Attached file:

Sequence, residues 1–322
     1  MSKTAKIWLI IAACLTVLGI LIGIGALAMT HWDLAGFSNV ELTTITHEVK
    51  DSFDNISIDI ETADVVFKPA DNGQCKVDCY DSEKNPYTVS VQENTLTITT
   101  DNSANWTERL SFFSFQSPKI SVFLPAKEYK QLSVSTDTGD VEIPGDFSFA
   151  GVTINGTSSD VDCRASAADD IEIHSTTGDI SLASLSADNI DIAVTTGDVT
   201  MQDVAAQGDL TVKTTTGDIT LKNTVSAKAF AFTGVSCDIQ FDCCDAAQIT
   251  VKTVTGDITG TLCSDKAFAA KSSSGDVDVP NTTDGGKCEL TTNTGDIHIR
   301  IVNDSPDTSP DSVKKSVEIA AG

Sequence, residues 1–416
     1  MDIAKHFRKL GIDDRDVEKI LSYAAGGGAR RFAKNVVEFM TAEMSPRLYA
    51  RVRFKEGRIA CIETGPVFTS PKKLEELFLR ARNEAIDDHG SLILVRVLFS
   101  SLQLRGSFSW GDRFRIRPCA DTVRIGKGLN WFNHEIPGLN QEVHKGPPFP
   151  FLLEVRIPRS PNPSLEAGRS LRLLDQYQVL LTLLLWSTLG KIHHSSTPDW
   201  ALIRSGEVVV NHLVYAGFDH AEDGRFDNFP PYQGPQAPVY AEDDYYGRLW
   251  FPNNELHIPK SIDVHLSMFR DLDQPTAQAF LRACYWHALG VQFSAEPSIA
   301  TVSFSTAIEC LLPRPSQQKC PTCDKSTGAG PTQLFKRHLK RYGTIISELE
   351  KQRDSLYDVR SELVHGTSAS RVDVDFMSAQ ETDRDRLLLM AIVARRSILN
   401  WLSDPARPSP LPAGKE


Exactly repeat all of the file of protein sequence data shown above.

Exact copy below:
Sequence, residues 1–322
     1  MSKTAKIWLI IAACLTVLGI LIGIGALAMT HWDLAGFSNV ELTTITHEVK
    51  DSFDNISIDI ETADVVFKPA DNGQCKVDCY DSEKNPYTVS VQENTLTITT
   101  DNSANWTERL SFFSFQSPKI SVFLPAKEYK QLSVSTDTGD VEIPGDFSFA
   151  GVTINGTSSD VDCRASAADD IEIHSTTGDI SLASLSADNI DIAVTTGDVT
   201  MQDVAAQGDL TVKTTTGDIT LKNTVSAKAF AFTGVSCDIQ FDCCDAAQIT
   251  VKTVTGDITG TLCSDKAFAA KSSSGDVDVP NTTDGGKCEL TTNTGDIHIR
   301  IVNDSPDTSP DSVKKSVEIA AG

Sequence, residues 1–416
     1  MDIAKHFRKL GIDDRDVEKI LSYAAGGGAR RFAKNVVEFM TAEMSPRLYA
    51  RVRFKEGRIA CIETGPVFTS PKKLEELFLR ARNEAIDDHG SLILVRVLFS
   101  SLQLRGSFSW GDRFRIRPCA DTVRIGKGLN WFNHEIPGLN QEVHKGPPFP
   151  FLLEVRIPRS PNPSLEAGRS LRLLDQYQVL LTLLLWSTLG KIHHSSTPDW
   201  ALIRSGEVVV NHLVYAGFDH AEDGRFDNFP PYQGPQAPVY AEDDYYGRLW
   251  FPNNELHIPK SIDVHLSMFR DLDQPTAQAF LRACYWHALG VQFSAEPSIA
   301  TVSFSTAIEC LLPRPSQQKC PTCDKSTGAG PTQLFKRHLK RYGTIISELE
   351  KQRDSLYDVR SELVHGTSAS RVDVDFMSAQ ETDRDRLLLM AIVARRSILN
   401  WLSDPARPSP LPAGKE